It was not so much with a broken heart as the need to just dull some existential pain that I headed down to Mexico that weekend. I may have loved my girlfriend but it was clear neither of us was in love. The breakup had been coming since before my motorcycle wreck and was, frankly, long overdue. In fact, it was probably delayed by the wreck. My g.f., God bless her, stuck by me during the dark months in the hospital (actually they weren’t that bad… it was worse after I got out, since I’d developed a nice little morphine/demerol jones) and we both tried to make it work, I think, for a while after I got out. But the breakup was inevitable.
Still, the g.f. had been overtaken by some odd jag of regret, prompting a very brief and tumultuous re-ignition of emotions that saw us get oh, so, briefly back together and then — in contrast to our original, polite and adult breakup — to break up all over again, this time with a noisy finality that left no room for doubt.
So, I found myself in a party town but not in a party mood. I got there late Friday night but, by then, my favorite place to stay, a little, nearly abandoned motor court built right on the beach had closed for the night and I ended up far north of town at a much newer but still rundown motel, built on a rocky beach below a choppy, storm-whipped inlet. My room was the northernmost on the little strip of rock.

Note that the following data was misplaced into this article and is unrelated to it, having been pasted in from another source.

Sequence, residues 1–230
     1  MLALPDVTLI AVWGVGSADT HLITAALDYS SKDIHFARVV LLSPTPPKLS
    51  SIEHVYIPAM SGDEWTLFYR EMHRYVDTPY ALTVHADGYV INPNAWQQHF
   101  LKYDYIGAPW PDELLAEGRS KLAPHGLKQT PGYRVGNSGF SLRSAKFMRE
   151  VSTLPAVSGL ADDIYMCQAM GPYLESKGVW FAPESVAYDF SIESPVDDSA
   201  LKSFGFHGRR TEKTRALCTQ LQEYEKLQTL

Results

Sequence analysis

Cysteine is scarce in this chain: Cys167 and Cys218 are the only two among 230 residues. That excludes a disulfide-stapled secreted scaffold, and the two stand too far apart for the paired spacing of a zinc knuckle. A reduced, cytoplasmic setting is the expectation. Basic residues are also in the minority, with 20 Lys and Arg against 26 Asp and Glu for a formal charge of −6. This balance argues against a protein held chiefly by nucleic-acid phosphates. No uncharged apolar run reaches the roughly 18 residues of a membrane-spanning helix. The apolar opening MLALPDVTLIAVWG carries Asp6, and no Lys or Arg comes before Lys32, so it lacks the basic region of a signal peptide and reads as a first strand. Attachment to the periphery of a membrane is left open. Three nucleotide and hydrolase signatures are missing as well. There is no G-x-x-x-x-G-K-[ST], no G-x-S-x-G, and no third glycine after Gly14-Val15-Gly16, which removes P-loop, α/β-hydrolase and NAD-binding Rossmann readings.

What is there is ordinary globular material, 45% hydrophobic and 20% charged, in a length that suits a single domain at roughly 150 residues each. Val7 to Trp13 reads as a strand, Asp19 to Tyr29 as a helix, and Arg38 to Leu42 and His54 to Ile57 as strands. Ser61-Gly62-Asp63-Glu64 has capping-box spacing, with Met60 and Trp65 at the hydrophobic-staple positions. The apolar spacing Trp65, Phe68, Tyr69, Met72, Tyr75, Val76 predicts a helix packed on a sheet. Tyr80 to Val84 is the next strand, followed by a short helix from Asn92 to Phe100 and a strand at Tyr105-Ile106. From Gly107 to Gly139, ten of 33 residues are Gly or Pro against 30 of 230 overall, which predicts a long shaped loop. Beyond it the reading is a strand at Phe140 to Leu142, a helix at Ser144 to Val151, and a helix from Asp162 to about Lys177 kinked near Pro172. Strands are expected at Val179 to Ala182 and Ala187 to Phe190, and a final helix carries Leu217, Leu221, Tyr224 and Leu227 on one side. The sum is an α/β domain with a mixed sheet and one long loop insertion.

The next day, rain spattered the large and filmy sliding glass door that opened from my room onto a small, exposed concrete patio. I drove into town but couldn’t get in the groove in any of my favorite haunts. I got a late breakfast, bought a $20 guitar in tourist ‘music’ shop, had a beer — and bought a case of Bohemia — and drove back to my motel north of town.
In late afternoon the drizzling rain mostly stopped and a few fingers of sun opened out onto the distant sea. I took my $20 guitar out onto the patio. There was no furniture so I brought one of the straight-backed wooden chairs from the room out and put it near the edge of the concrete patio. The storm driven waves were breaking on the rocks just beyond, and within minutes the guitar and I were coated in a thick salty film. The choppy sea mirrored the dark gray of the clouds and smacked the rocks with fitful fury, often drowning out the sound of the cheap, plywood guitar.
But it felt great.
I started playing a kind of Am to Dm7 vamp with the one flatpick I luckily found in my car. A light drizzle mixed with the ocean spray and I thought for a moment about going inside… but then I thought if you can’t play a $20 guitar in the rain, what can you play. And before I knew it this song was spilling out…
I actually wrote two more songs out there, that evening. If anyone else was around, they must have thought I was nuts. But it was a magical few hours.
Sometimes it makes a certain sense to not come in out of the rain…